Good afternoon and thank you so much for having me here today. It’s truly a pleasure to be here at COP27 – to take part in these sessions and to learn from this community of experts.

As has been said, my name is Monica Medina, and I’m the U.S. Assistant Secretary of State for Oceans and International Environmental and Scientific Affairs, as well as the U.S. Special Envoy for Biodiversity and Water Resources.

It is increasingly clear that we are up against intertwined crises facing our planet – including climate, biodiversity, and water insecurity.

U.S. Approaches on Water Security

That’s why the U.S. governmentUSG has been actively reorienting its approach to global water security to be much more interdisciplinary.

On June 1st, Vice President Kamala Harris launched the “White House Action Plan for Global Water Security,” prioritizing water security as a U.S. foreign policy priority for the first time. And on October 1st, the U.S. governmentUSG released the second, updated, iteration of the “Global Water Strategy.”

The U.S. approach to “water security” is expansive. It encompasses our ability to sustain access to, and maintain the quality of, water resources for our whole population.

I will be leveraging my role as the new Special Envoy for Biodiversity and Water Resources to maintain high-level focus on these issues as the U.S. continues to focus on mitigating water-related disasters, preserving functioning ecosystems, conservation of biodiversity, and supporting an overall goal of peace and stability.

Water and Biodiversity

Water security and biodiversity are mutually enforcing concepts. The water sector impacts biodiversity and increased biodiversity can support ecosystems, bolstering water security.

In both the White House Action Plan for Global Water Security and the Global Water Strategy, nature-based solutions are recognized as an indispensable approach toward achieving water security.

Improving water resources management is one of the most cost-effective ways to adapt to climate change, and nature-based solutions have significant potential for carbon sequestration, as well as ecosystem restoration.

Nature-based solutions are a central priority of the Biden Administration – a recognition of their unique utility in addressing the climate, biodiversity, and pollution crises while supporting human health and well-being.

In the U.S., we are working hard to implement President Biden’s directive to conserve at least 30 percent of our land and waters by 2030.

This means a wholesale change in how we think about our land, our waters, and all critical ecosystems – we cannot continue to view ourselves as separate from Nature.

Water and Natural Capital Accounts

Another important element to spur the use of nature-based solutions is addressing the question of how much water is worth?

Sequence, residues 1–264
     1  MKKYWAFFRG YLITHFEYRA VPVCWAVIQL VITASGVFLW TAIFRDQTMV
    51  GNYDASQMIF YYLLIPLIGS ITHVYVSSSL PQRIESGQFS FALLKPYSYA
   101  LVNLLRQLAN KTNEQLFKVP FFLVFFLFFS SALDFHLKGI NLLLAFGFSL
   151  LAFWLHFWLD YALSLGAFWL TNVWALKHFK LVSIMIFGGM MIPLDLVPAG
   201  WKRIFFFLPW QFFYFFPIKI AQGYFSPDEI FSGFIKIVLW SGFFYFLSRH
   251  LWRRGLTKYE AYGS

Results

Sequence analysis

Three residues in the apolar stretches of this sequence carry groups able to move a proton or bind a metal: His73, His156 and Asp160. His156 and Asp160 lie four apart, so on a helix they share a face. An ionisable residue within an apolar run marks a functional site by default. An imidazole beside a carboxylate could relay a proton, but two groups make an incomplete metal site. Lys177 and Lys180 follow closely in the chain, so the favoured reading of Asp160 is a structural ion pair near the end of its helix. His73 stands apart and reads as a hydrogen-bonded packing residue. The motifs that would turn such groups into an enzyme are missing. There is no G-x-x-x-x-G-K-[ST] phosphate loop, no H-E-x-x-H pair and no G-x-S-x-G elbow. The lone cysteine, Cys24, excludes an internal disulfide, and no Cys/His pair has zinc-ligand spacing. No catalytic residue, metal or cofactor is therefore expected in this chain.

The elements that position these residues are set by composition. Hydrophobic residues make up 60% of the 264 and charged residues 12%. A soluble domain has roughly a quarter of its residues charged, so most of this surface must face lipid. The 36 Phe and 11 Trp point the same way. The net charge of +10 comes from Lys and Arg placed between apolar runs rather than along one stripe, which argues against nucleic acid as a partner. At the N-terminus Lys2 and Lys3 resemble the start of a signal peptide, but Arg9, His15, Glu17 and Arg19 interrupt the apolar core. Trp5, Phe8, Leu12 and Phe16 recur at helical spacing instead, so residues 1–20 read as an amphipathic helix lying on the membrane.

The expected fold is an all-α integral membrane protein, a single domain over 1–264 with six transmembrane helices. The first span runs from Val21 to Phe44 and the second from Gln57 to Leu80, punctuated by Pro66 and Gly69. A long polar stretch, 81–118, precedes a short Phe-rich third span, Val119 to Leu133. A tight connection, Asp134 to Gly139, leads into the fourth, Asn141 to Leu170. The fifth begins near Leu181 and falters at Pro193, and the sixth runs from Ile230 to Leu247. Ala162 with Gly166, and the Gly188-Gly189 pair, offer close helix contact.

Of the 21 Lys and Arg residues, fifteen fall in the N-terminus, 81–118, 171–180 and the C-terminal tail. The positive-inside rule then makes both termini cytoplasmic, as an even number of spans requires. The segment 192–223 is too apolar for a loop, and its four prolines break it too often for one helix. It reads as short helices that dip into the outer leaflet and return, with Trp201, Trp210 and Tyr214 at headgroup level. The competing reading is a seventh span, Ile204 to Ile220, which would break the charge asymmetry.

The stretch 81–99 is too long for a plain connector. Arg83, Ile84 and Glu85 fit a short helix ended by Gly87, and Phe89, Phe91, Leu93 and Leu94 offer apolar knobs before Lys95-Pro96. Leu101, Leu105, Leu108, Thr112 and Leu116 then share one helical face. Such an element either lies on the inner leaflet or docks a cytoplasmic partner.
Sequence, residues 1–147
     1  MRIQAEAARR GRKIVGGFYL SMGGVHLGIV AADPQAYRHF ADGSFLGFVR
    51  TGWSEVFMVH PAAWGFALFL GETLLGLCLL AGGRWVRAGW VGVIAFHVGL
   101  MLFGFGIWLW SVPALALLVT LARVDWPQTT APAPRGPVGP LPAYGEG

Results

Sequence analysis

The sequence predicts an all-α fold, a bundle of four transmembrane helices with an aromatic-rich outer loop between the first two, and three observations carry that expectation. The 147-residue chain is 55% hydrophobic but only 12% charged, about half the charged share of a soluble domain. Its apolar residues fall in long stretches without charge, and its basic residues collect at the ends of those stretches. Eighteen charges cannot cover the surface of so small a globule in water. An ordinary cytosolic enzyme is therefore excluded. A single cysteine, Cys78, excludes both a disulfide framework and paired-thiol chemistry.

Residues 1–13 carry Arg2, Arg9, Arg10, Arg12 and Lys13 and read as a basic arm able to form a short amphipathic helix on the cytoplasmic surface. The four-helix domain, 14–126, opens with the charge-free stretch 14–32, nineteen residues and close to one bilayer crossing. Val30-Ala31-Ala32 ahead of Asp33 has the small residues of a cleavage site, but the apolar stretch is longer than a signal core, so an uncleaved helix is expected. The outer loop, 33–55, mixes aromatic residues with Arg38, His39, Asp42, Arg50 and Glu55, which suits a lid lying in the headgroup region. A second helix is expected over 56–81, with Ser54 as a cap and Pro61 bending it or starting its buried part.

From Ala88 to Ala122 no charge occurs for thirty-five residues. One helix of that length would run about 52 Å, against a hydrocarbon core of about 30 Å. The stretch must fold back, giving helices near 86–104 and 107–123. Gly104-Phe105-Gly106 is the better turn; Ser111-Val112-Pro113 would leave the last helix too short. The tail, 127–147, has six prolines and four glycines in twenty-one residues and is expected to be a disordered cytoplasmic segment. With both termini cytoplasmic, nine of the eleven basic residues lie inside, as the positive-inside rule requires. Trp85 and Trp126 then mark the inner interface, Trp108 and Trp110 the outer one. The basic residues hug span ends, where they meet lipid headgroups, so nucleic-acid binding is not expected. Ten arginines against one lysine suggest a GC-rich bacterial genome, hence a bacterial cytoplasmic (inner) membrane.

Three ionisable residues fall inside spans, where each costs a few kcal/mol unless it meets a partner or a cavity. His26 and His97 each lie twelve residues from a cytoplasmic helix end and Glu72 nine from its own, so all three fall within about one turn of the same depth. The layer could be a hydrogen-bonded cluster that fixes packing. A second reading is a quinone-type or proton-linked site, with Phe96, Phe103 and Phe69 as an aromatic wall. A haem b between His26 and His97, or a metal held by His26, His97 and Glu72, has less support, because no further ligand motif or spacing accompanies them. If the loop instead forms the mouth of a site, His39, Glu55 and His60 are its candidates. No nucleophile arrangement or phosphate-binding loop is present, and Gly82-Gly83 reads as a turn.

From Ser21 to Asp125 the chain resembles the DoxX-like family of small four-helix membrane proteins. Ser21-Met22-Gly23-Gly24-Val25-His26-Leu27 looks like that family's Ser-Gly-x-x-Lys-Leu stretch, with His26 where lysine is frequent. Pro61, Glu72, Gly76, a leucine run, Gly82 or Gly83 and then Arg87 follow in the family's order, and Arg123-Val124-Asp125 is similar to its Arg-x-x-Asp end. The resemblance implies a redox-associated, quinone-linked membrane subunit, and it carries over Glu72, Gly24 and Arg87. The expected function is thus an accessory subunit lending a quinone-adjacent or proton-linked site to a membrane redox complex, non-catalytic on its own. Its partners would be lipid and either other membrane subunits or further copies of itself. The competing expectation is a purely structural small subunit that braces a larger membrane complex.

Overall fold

Our natural resources are in fact the backbone of our economies – without them we wouldn’t survive.

Therefore, the United States is encouraging governments to put their natural resources on their balance sheets, the same way we do other economic activities.

Examples of U.S. Action

We know that these growing stressors are being felt most in regions that are already facing conflict and fragility and that sustainable management is essential to improving water security and conserving biodiversity.

The U.S. is working with that in mind in programs like the Mekong Water Data Initiative. This flagship program of the Mekong-U.S. Partnership between the U.S. and partners across the Mekong sub-region works to:

a) strengthen and build the capacity of Mekong countries to manage water data,

b) improve regional responses to environmental emergencies, and

c) promote sustainable economic development.

The Mekong Water Data Initiative supports data sharing initiatives like the Mekong Dam Monitor, which is bringing transparency to Mekong dam operations and giving downstream countries crucial information to address both local and regional water challenges, including impacts on biodiversity.


In my capacity as the Special Envoy, I am looking forward to working collaboratively with the international community towards a better future.

In many instances, we know exactly what needs to be done to confront both the challenge of biodiversity loss and water insecurity.

We have the tools and the innovations – we just need the political commitment.

The commitment to safeguard our planet for ourselves now and for future generations, and we must simultaneously address the interconnected crises of climate change, biodiversity loss, and water stress by working together, and by working in harmony with nature.

U.S. Department of State

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